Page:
Can Facebook win back younger users, and re-establish itself as the connective platform of choice moving forward?
It’s no secret that Facebook has lost ground to TikTok and Snapchat among younger audiences, which trends have indicated for some time, and which was officially confirmed as part of the recent Facebook Files data leaks.
Indeed, within the thousands of pages of internal documents shared by former Facebook engineer Frances Haugen were various notes and charts showing that younger audiences have been steadily losing interest in The Social Network – including this graph which shows that usage of the platform among those aged 18-24 has been in decline since 2012.
That’s a big problem, because while Facebook still has some 2.9 billion users, making it far and away the most popular social media app on the planet, its usage in established regions (North America and Europe) is pretty much static, even declining quarter-by-quarter, which, if it can’t reverse such trends, and re-engage younger audiences, could eventually see the platform lose relevance entirely, and lose touch with a whole new generation of digital consumers who may no longer view Facebook as the leader in the space.
That’s what happened to MySpace, and as Facebook looks to the future, it knows that it will need to maximize its youth appeal in order to stay on top of the heap, and crucially, to generate interest in its coming, metaverse-aligned shift.
In the company’s most recent earnings announcement, Facebook CEO Mark Zuckerberg acknowledged this, and said that re-establishing connection with younger audiences will be a key focus moving forward.
“We’re retooling our teams to make serving young adults their north star, rather than optimizing for the larger number of older people. Like everything, this will involve trade-offs in our products and it will likely mean that the rest of our community will grow more slowly than it otherwise would have. But it should also mean that our services become stronger for young adults. This shift will take years, not months, to fully execute, and I think it’s the right approach to building our community and company for the long term.”
So how will Facebook do this, and will it actually be able to re-engage younger audiences, now that the platform is seen as more invasive, less cool – and really, far behind TikTok as the place to be for the latest trends?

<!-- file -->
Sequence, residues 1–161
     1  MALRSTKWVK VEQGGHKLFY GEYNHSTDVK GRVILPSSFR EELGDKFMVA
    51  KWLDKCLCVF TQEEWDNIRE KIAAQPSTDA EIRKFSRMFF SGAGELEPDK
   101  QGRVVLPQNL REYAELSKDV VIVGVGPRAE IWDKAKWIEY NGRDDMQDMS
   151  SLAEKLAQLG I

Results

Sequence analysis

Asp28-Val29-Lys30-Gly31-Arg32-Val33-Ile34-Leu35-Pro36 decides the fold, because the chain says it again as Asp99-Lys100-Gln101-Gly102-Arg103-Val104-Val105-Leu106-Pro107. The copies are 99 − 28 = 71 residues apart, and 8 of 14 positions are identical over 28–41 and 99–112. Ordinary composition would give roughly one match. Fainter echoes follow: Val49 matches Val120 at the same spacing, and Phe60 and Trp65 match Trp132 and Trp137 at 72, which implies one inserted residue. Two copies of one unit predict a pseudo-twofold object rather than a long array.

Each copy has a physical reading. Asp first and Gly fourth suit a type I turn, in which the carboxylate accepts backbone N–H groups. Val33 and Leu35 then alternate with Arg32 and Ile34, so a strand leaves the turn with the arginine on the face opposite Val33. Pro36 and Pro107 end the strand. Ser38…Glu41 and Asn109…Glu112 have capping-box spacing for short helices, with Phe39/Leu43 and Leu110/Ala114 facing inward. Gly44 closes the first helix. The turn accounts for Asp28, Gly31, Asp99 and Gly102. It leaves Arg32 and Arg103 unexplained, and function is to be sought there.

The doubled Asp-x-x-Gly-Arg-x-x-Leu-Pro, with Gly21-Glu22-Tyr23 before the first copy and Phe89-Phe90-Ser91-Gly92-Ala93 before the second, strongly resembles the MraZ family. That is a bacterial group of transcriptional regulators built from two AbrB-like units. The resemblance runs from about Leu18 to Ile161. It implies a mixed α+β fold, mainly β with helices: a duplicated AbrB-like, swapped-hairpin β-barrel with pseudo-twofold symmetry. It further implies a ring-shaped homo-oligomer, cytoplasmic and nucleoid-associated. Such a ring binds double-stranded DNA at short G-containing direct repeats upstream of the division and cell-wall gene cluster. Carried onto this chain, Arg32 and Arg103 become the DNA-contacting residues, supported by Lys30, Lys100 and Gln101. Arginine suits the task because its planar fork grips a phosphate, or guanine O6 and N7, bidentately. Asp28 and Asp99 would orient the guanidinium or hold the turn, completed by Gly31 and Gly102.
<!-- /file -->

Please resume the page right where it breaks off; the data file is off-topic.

We’re now seeing the first stages of this new approach. Following the announcement of its new ‘Meta’ branding last week, Facebook shared a range of video clips from – not ironically – TikTok influencers giving their take on the update.
As you can see in this clip, from the truly great Emily Zugay (who’s delivery is just so spot on), Facebook has partnered with several high profile TikTok creators to put a more light-hearted, trending spin on their corporate re-branding effort.
Note the #metapartner tag on each of these clips – these were not created randomly, nor were these influencers organically inspired to give their take on Facebook’s update. Facebook has paid these users to create these clips, then promoted each from their own branded accounts.
At the same time, Facebook’s also trying to latch onto other memes and trends related to its announcement, in the hopes of sparking more youth engagement.
It feels a little forced, but even so, by using these popular influencers, and acknowledging web trends, that could help Facebook boost its youth appeal, either by softening its brand image through more light-hearted takes, or by appearing on the profiles of these popular users, and becoming a part of web trends, as opposed to being the butt of such jokes.
It’s hard to say whether that’ll work, and definitely, a corporate entity trying to lean into web culture can fall flat. For every Wendy’s Twitter account there are 100 more brands that try and fail to post snappy, witty retorts, and end up just looking desperate as a result.
And some of Facebook’s early efforts have also looked that way.
But they are generating engagement, regardless, and it may well be helping Facebook – or Meta, more operatively – to shift perceptions, and update people’s view of the company as a more progressive, and connected brand that’s well-placed to lead the way into the next major digital connectivity shift.
Maybe. Facebook itself is still at the center of a range of controversies and complaints, and the ongoing media coverage of such will likely sour its reputation for some time to come – and even a re-branding is unlikely to create enough separation to shield Meta from the broader brand damage as a result. But maybe, through Meta, Facebook can shift the focus onto the metaverse more specifically, and away from Facebook the app. Of course, it still needs Facebook as a key connector, but maybe, by making the metaverse so cool, users will accept the concession that they’ll still need Facebook to take part, and that, in turn, will lessen negative perceptions around the app.